Matters have gotten worse, requiring the coalition to work harder to defend the trees. In a media interview last December 7, accompanying Mr. Aquino at Clark, Secretary Singson said only trees along Balite will be spared. This means that along the highway from San Agustin to Coke about 272 healthy trees will be cut. What Singson followed is President Noynoy's slogan of "Daang Matuwid"—only this time twisted to mean that there must be no trees left standing in the road-widening project.

As this happened, Angeles University Foundation set a good example of urban planning by earth-balling five trees and safely moving them to Lakeshore. The DPWH had not resorted to this sound option. Instead, the agency and its contractor made the trees appear as obstacles in building a road right where the trees stood. Two weeks ago, the pro-cutters, led by the Advocacy for the Development of Central Luzon (ADCL) and Pampanga Chamber of Commerce (PAMCHAM) initiated a tree-planting activity. They should have realized that it's hard to grow trees because most of what they had planted are now dead or wilting to death.

Those who favor tree cutting invoke progress. What progress are we talking about? The third lane is now used as parking lot for many vehicles. It has also exposed us to serious flooding: note that the elevation of Angeles City is about the peak of the cross of the Metropolitan Cathedral in the City of San Fernando. Even if the canals are completed, they are too small to contain large volumes of water. The DPWH has created a condition for disaster. Pro-cutters also argue that widening the road will entice foreign investors, resulting to more work for the Kapampangan.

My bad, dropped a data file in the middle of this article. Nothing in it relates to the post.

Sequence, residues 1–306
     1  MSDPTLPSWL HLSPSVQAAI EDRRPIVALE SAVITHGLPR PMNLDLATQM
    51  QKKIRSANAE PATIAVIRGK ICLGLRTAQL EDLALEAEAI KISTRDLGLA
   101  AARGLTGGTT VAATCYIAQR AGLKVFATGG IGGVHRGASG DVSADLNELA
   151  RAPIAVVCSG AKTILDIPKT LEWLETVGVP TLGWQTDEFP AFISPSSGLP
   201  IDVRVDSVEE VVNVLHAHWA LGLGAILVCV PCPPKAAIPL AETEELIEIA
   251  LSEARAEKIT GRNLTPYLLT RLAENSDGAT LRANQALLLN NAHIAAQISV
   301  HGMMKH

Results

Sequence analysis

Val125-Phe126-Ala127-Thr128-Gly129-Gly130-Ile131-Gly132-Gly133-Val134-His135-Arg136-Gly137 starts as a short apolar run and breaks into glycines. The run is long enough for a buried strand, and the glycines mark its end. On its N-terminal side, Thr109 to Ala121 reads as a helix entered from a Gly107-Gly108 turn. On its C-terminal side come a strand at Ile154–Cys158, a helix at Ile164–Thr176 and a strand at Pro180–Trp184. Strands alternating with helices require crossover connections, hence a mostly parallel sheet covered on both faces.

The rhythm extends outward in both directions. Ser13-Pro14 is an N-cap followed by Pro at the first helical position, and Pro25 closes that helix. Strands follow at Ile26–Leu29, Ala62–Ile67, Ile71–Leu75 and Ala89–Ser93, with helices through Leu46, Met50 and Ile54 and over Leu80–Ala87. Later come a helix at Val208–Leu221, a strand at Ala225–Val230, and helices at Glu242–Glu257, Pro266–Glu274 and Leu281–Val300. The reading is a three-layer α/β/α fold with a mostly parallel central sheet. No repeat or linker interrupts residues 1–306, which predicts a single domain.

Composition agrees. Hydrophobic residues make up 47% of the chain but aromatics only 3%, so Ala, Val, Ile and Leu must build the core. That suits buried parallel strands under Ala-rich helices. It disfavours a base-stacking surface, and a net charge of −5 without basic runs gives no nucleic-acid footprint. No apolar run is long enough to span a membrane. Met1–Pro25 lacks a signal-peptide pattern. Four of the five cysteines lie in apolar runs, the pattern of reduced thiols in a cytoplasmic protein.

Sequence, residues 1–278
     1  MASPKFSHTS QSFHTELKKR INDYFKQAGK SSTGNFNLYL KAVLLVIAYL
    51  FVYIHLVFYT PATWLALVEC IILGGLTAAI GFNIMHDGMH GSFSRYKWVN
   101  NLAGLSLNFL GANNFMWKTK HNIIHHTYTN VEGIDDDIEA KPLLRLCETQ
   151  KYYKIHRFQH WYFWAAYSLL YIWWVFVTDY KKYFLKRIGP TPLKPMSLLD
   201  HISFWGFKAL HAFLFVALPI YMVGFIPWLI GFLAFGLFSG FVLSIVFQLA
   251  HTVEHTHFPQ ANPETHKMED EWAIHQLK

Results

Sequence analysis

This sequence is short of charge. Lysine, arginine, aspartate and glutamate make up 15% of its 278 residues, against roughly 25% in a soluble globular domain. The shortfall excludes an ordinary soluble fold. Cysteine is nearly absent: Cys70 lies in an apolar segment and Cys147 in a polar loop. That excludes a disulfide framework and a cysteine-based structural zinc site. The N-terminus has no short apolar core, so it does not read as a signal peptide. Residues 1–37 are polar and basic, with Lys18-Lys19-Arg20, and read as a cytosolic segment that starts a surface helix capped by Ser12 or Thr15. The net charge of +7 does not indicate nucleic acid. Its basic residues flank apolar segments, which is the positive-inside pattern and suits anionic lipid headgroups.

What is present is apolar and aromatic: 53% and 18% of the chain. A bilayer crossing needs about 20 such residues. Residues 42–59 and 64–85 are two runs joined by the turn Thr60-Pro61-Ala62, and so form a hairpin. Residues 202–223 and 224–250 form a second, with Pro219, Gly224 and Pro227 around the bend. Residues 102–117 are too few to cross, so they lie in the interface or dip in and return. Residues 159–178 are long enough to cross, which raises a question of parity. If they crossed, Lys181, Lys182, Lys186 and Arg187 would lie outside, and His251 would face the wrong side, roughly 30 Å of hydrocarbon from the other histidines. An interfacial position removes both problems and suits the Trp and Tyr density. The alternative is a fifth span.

With or without the MacArthur road-widening, foreign investments would still come because they are here to make profit. They can always use the North Luzon Expressway directly to Clark and Diosdado Macapagal International Airport. Besides, the Foreign Investment Act already gives investors perks and other tax breaks.

Granting that widening the highway would lead to more work opportunities for Kapampangans, the sad part to it is that our workers will receive only a pittance of the fruits of their labor (low salaries to buy food and medicines). The pay will not suffice to cover hospital expenses that workers will face because of the increased pollution as a result of the tree-cutting. According to Colorado Trees Coalition, a 50-year-old tree generates $31,250 worth of oxygen, provides $62,000 worth of air pollution control, recycles $37,500 worth of water, and controls $31,250 worth of soil erosion.

As stewards of God's Creation, we must persist in this fight. Tayong mga Kapampangan ay marangal at mapagkalinga sa Kalikasan.


[About the author. Cecile Santos Yumul is a veteran award winning Broadcast Journalist, a visionary teacher (Most Outstanding Teacher of the Philipines in 1992), a nationalist (Most Outstanding Kapampangan for Education in 1993), an environmentalist, and a dedicated daughter. She has over 35 years experience in the field of arts as an actor, director, and author. She is a published writer (Woman's Magazine) of essays, poems, short stories, and social commentaries. She currently resides in Lakandula, Mabalacat, Pampanga with her Mother, 18 dogs, doves, and bonsais.]

-Posted: 7:45 AM 12/16/10 | More of this author on eK!